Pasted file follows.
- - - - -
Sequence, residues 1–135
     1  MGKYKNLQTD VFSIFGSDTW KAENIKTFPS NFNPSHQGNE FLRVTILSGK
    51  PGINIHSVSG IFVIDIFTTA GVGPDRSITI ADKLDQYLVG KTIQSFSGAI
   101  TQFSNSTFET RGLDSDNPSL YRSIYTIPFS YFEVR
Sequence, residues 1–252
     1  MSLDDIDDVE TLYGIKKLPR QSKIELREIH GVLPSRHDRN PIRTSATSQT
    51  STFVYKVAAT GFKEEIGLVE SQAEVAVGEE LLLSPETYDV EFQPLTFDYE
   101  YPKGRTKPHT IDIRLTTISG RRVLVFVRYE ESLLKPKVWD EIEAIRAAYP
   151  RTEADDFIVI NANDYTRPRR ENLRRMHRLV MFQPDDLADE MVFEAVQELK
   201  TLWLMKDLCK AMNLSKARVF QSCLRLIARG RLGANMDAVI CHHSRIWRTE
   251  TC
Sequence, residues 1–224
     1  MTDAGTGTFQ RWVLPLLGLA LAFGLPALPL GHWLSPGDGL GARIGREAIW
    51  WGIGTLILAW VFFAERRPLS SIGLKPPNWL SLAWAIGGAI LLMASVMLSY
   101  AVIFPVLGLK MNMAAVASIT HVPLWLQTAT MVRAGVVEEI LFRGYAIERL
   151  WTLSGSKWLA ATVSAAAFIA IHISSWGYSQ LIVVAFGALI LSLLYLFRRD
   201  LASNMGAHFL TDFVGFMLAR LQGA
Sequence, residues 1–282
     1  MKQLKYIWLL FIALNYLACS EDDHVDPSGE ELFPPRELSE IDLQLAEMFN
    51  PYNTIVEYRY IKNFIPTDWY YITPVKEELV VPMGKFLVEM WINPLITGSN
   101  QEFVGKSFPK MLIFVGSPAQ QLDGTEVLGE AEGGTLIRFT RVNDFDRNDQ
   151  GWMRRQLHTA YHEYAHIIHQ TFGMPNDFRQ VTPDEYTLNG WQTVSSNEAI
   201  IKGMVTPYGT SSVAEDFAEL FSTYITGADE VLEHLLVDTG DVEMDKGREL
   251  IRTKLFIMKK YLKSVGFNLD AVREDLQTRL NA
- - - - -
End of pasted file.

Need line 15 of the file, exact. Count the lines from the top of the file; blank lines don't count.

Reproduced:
   101  AVIFPVLGLK MNMAAVASIT HVPLWLQTAT MVRAGVVEEI LFRGYAIERL